for( int i=0;i<count;i++)
string headers = pop.GetHeaders(i);
//Process the Headers using a custom method
DoWork( headers );
Dim pop As New POP3("pop.gmail.com")
'create and load the ssl socket
Dim ssl As New AdvancedIntellect.Ssl.SslSocket()
'logging on the ssl socket (not required)
ssl.Logging = True
ssl.LogPath = "c:\ssl.log"
'some logging in case we have any problems (not required)
pop.LogPath = "c:\gmailpopop.log"
'rest of the POP3 properties
pop.Port = 995
pop.Username = "MyAccount@gmail.com"
pop.Password = "MyPassword"
'get the message count as an example
Dim count As Integer = pop.MessageCount()
Dim i As Integer
For i = 0 To count - 1
Dim headers As String = pop.GetHeaders(i)
'Process the Headers using a custom method
As always, if anyone has any questions, feel free to contact me over at the Contact Us web page.
14. February 2011 04:38
I had a great question from Robert today. He sent me the following question:
We are currently testing the aspNetPOP3 product. I might be missing the obvious, but I didn’t find where I could get an email, and then move it to a folder. Is this possible?
That's a great question. Usually someone will ask this, or a similar question every few months.
aspNetPOP3 implements the POP3 protocol. Everything that is possible by the POP3 protocol, is possible in aspNetPOP3.
As far as internet standards go, the POP3 protocol is pretty old. POP3 stands for Post Office Protocol version 3. It was developed in 1984.
POP3 has no concept of folders. In the POP3 (and consequently aspNetPOP3) world, there is only the Inbox. When you see additional folders in POP3 mail clients (such as Outlook, Outlook Express, Eudora, etc..) when you are actually seeing is a client side feature/functionality. When you move an email from the Inbox to a different folder, what your mail client is actually doing is deleting the message from the server, and moving the message to a local folder. Once that happens, it is no longer accessible via the POP3 protocol.
The same thing happens with webmail clients such as Gmail. (Although, gmail is a little different because it implements something called labels.) . Once the message is moved to a different folder (or label) in the webclient, you no longer have access to that message. Using the POP3 protocol, you can only get at messages in the Inbox.
Once again, great question Robert.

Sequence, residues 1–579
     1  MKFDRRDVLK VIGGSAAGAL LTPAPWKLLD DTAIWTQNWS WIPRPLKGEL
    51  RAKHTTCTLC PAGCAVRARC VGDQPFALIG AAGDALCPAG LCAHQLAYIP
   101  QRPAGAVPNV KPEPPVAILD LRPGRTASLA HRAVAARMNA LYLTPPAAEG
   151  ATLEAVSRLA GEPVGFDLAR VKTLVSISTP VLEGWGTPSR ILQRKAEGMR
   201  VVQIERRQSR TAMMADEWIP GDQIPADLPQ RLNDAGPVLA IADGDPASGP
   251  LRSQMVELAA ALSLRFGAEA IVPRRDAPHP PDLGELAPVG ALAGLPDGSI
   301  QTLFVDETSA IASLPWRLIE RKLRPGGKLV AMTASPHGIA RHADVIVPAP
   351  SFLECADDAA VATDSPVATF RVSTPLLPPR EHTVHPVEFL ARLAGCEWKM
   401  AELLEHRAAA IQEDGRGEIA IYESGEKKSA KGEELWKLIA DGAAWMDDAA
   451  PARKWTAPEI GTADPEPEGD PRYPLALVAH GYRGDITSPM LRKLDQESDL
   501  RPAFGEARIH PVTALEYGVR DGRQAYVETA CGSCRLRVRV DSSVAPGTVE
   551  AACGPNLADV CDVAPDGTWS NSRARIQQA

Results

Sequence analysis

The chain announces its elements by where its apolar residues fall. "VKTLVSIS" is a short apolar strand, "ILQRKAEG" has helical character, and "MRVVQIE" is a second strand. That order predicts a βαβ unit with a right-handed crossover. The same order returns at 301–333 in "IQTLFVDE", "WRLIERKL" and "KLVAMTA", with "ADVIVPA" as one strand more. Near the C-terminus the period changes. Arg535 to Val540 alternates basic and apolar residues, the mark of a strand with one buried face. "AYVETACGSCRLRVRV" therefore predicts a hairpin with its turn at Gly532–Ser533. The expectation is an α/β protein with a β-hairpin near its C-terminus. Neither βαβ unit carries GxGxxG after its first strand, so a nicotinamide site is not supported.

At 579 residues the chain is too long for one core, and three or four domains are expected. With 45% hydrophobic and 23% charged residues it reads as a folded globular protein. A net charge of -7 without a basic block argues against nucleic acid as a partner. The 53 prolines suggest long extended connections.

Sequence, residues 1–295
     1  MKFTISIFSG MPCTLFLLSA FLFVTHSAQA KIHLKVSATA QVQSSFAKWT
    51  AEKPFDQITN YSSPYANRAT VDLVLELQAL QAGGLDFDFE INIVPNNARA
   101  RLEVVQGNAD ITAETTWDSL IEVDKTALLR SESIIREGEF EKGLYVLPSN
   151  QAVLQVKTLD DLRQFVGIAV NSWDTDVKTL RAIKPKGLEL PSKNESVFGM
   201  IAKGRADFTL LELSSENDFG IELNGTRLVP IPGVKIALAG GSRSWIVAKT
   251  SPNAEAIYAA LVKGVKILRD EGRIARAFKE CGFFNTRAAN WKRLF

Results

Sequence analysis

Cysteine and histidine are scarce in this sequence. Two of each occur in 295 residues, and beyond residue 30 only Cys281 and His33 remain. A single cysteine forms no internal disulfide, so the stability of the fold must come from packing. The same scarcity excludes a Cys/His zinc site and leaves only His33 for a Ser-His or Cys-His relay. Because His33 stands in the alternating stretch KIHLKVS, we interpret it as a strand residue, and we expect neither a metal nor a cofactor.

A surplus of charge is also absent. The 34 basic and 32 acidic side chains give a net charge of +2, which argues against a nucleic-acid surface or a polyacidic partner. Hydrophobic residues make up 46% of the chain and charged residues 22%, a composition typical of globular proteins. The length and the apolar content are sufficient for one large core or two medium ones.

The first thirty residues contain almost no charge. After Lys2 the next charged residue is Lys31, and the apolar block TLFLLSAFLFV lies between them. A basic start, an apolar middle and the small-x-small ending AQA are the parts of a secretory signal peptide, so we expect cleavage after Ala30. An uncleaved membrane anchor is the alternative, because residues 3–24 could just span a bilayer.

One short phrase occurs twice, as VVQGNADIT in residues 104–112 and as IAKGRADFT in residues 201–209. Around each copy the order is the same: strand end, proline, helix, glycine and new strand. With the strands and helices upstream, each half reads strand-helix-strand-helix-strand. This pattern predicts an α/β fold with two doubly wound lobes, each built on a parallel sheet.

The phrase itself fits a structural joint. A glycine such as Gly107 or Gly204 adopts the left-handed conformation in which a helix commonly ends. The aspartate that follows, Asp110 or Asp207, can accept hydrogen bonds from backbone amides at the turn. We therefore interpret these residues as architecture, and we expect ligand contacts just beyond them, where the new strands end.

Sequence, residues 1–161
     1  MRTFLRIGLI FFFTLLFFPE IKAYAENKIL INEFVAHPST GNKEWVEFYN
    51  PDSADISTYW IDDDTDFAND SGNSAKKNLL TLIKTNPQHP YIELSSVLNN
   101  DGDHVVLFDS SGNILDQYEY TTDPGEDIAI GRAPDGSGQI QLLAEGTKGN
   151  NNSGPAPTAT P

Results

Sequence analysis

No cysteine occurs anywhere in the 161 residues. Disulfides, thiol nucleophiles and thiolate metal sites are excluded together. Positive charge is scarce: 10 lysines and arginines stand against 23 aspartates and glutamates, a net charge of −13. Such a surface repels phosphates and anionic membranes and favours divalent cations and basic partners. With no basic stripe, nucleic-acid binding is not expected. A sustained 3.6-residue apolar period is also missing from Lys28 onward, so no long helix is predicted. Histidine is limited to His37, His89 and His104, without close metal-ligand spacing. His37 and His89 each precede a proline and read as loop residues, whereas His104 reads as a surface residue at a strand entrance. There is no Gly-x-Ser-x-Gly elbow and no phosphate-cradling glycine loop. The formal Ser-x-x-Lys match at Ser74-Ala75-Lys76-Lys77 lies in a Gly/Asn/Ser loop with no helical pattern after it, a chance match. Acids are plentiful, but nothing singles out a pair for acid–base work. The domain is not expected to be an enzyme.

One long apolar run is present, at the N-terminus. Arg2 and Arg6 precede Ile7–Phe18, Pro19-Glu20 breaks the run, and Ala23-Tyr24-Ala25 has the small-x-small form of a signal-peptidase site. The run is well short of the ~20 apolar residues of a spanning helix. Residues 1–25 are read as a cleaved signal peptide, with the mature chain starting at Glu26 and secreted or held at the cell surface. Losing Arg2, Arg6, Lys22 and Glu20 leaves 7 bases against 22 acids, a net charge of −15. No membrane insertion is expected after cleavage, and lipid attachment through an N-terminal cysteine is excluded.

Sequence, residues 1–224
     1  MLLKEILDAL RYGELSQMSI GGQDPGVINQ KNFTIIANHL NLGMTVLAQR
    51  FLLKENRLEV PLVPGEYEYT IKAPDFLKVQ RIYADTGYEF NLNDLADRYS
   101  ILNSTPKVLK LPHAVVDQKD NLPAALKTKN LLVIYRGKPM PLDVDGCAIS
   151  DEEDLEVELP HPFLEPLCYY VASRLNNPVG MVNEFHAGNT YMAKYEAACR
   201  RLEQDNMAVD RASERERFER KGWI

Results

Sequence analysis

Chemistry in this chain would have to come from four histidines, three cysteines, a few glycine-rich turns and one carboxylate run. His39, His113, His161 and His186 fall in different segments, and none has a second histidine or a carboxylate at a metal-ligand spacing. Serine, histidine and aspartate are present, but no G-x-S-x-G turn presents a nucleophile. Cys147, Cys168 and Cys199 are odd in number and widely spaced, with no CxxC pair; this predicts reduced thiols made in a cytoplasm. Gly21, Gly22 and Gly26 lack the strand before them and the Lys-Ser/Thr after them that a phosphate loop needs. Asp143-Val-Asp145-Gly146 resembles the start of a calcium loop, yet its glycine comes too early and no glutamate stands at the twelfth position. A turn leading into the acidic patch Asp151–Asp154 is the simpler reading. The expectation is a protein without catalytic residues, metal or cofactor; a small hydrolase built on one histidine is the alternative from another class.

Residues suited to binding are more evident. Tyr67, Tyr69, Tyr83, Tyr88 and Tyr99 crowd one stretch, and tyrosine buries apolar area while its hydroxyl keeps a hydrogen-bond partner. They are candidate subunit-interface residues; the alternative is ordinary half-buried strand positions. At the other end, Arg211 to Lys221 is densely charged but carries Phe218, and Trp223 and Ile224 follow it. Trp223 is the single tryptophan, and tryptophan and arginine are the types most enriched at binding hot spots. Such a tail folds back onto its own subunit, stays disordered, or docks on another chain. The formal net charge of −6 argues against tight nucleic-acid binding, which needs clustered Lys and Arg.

If anyone else has any other questions, comments or feedback relating to aspNetPOP3, feel free to contact me.
9. November 2010 02:29
I have a number of customers who need to parse cell phone (mobile) generated emails. These emails come in configurations I never dreamed possible. Although they are technically Mime compliant, their individual parts can be ordered strangely, or have unique headers that normally aren't found in a standard message.
I was sent an email request from a developer (Thanks Cara!) about parsing a T-Mobile generated message. She needed to find and extract the text body part. If a text body part wasn't found, then the html body part was to be found, and converted to plain text. The other requirement was to find all of the images, and download (save) them to a directory.
Below is a code example is something I whipped up for her. She used it as a basis to get started with her application. Error checking has been left out, to keep the code short, workable, but complete.
As always, if anyone has any questions or comments, please let me know.
string path = "t_mobile.eml";
MimeMessage m = MimeMessage.ParseFile( path );
MimePart textPart = m.TextMimePart;
if( textPart == null )
//try and find it, by finding the first inline text part
MimePartCollection inlineParts = m.InLineParts;
if( ( inlineParts != null ) && ( inlineParts.Count >0 ) )
foreach( MimePart part in inlineParts )
if( (part.Name != null ) && ( part.Name.EndsWith(".txt") ) && ( part.ContentTypeString == "text/plain") )
//then we found our part
textPart = part;
string plainText = string.Empty;
if( textPart != null )
plainText = textPart.DecodedText();
if( plainText.Length == 0 )
//find the first html part.
//get the plain text from the html part
foreach( MimePart part in m.RetrieveAllParts() )
if( (part.ContentTypeString != null ) && ( part.ContentTypeString.ToLower() == "text/html") )
string html = part.DecodedText();
//convert the Html to plain formatted text
plainText = Utility.ConvertHtmlToText( html).Trim();
//extract all images, and save them to the temp directory
foreach( MimePart part in m.RetrieveAllParts() )
if( part.IsImage() )
//normally, would need to check for images that already have the same filename
//and rename accordingly
//in this example, just save the images to the temp directory
9. November 2010 01:46
** NOTE: ALL OF OUR PRODUCTS RUN ON ALL VERSIONS OF .NET. **
The instructions below are for people using VS2010 and beyond.
As more and more people are upgrading to VS2010, and beyond, I am getting more of the following emails:
aspNetEmail (or any of our other products) doesn't work in later versions of Visual Studio. I usually get one of the following errors:
"aspNetEmail is not declared, it may be inaccessible due to its protection level."
"The referenced assembly "…" could not be resolved because it has a dependency upon System.Web (or some other internal .NET namespace). Please remove references to assemblies not in the targeted framework or consider retargeting your project"
Usually these exceptions occur when the developer is building a client side application.
Starting in VS2010, VS tries to be too smart for it's own good. When you build a client application (console.exe, winform, etc…) VS limits the number of namespaces you need access too, because it thinks you shouldn't need them.
To change this behavior, what you need to do, is change the target framework from a subset of namespaces, to all of them.
To change this, in VS.NET Solution Explorer, Right-Click on your project, an select Properties.
On the Application tab, set the Target Framework to be ".NET Framework XX". By default it is set to ".NET Framework XX Client Profile". Press Ctrl-S for save, and you are done.
Below are 2 pictures that display changing the target framework.
As always, if anyone has any questions, feel free to contact me.
VB.NET Screenshot (this option is found under the Compile tab. Then, click the "Advanced Compile Option" button.
So easy, maybe I should have my eyes checked ;-)
Thanks a lot for the quick response!!!!
|Read more testimonials